On being nerdsniped by Dynamic Ecology

Photos: Artificial moths from @mothgenerator; thanks to Katie Rose Pipkin for permission to reproduce them here.

Warning: 100% silly.

So, a couple of weeks ago, Jeremy Fox over at Dynamic Ecology nerdsniped me with this link to the Moth Generator twitter account.

If you haven’t seen it, Moth Generator is a clever bot that constructs fictional moths by (somehow) recombining a library of graphic generation rules. For an entomologist and a nerd, like me, this is completely fascinating.  If you’re either or both, I recommend that you check it out.

Jeremy’s nerdsniping of me is based on my well-known fondness for the interesting etymologies of Latin names – see, for just a couple of examples, here and here.  But I’m going to let Jeremy down.  While Moth Generator does provide both common and Latin names for its autogenerated moths, the Latin names are (as I understand it) constructed by combining elements of existing Latin names; as a result, they don’t have much backstory to write a post about.

There’s another functionality to Moth Generator, though.  If you tweet a word or phrase to it, it will add “moth”, use that as a common name, and construct a matching species.  (Unfortunately, such response-generated moths don’t get Latin names.)  My path was clear.  I generated a “Dynamic Ecology moth”:

Then I generated a “Scientist Sees Squirrel moth”:

Now, I don’t know how the moth-generation algorithm works, and there’s surely lots of randomness involved – but I do know that people read tea leaves, tarot cards, and disturbing preparations of the entrails of goats.  So I’m up to the challenge of “reading” the blog moths.

  • The Scientist Sees Squirrel moth is taller and has a broader abdomen than the Dynamic Ecology moth. If you’ve seen Jeremy and me together, you’ll know that’s about right.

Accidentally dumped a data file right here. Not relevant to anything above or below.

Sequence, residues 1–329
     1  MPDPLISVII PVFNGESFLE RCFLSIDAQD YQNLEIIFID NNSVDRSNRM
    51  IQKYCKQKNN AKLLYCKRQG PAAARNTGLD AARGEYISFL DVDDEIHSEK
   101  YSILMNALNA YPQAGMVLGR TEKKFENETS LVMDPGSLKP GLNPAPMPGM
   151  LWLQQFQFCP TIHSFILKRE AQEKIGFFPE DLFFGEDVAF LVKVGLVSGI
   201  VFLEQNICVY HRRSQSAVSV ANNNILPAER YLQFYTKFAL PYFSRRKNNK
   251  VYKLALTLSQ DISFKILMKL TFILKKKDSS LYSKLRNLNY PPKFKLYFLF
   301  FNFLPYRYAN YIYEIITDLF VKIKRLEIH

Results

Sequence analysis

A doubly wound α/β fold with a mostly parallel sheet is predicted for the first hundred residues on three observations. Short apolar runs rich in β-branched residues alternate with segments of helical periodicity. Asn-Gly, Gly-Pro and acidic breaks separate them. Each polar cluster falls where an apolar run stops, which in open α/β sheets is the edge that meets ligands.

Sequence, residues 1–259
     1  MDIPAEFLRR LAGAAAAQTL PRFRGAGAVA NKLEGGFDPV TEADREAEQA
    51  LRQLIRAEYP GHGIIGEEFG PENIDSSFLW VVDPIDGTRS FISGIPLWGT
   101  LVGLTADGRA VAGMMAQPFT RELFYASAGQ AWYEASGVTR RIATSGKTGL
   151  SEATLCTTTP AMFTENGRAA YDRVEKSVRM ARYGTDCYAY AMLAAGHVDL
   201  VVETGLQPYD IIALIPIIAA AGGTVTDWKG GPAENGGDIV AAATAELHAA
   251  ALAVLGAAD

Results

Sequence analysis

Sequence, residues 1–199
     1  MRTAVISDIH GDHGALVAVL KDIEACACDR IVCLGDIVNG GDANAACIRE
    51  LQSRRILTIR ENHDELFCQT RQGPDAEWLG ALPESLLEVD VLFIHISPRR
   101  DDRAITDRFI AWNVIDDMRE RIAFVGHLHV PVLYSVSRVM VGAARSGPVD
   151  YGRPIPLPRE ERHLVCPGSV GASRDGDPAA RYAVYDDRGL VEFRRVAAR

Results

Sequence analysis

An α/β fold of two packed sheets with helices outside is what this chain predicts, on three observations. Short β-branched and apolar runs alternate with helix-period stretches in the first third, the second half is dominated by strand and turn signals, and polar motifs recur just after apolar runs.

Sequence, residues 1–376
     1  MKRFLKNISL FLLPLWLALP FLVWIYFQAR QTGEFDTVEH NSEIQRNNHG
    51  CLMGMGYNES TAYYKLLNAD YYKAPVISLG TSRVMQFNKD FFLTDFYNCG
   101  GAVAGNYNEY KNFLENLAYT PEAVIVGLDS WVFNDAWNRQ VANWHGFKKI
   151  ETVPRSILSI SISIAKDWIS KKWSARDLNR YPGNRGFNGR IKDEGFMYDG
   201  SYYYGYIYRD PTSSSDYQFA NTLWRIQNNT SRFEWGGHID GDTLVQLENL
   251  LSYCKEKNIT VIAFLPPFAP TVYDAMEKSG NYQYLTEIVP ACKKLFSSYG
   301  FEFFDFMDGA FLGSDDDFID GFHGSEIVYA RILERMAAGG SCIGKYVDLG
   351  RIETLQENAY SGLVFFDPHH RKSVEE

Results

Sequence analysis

• The Scientist Sees Squirrel moth has rather un-mothlike antennae. This is most likely Moth Generator’s recognition that I’m only a mediocre entomologist.
  • The Dynamic Ecology moth has strongly patterned forewings, but drab hindwings. The Scientist Sees Squirrel moth is the reverse.  This is obviously an indication that Jeremy’s posts only seem more substantive and information-rich than mine; like my moth’s wing patterning, I have hidden depths.  In some posts, like this one, really hidden. Right, Jeremy?

So today we’ve learned:

  1. I’m easy prey for nerdsniping.
  2. Mothgenerator is really cool.
  3. Scientist Sees Squirrel can wander off almost anywhere.

 © Stephen Heard (sheard@unb.ca) May 23, 2017

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2 thoughts on “On being nerdsniped by Dynamic Ecology

  1. Jeremy Fox

    “the Latin names are (as I understand it) constructed by combining elements of existing Latin names; as a result, they don’t have much backstory to write a post about.”

    I thought you’d invent an amusing backstory. But I’m equally happy to have a newly-discovered moth named after Dynamic Ecology. 😉

    Like

    Reply
  2. Pingback: Friday links: the Dynamic Ecology moth, life advice from Rich Lenski, and more | Dynamic Ecology

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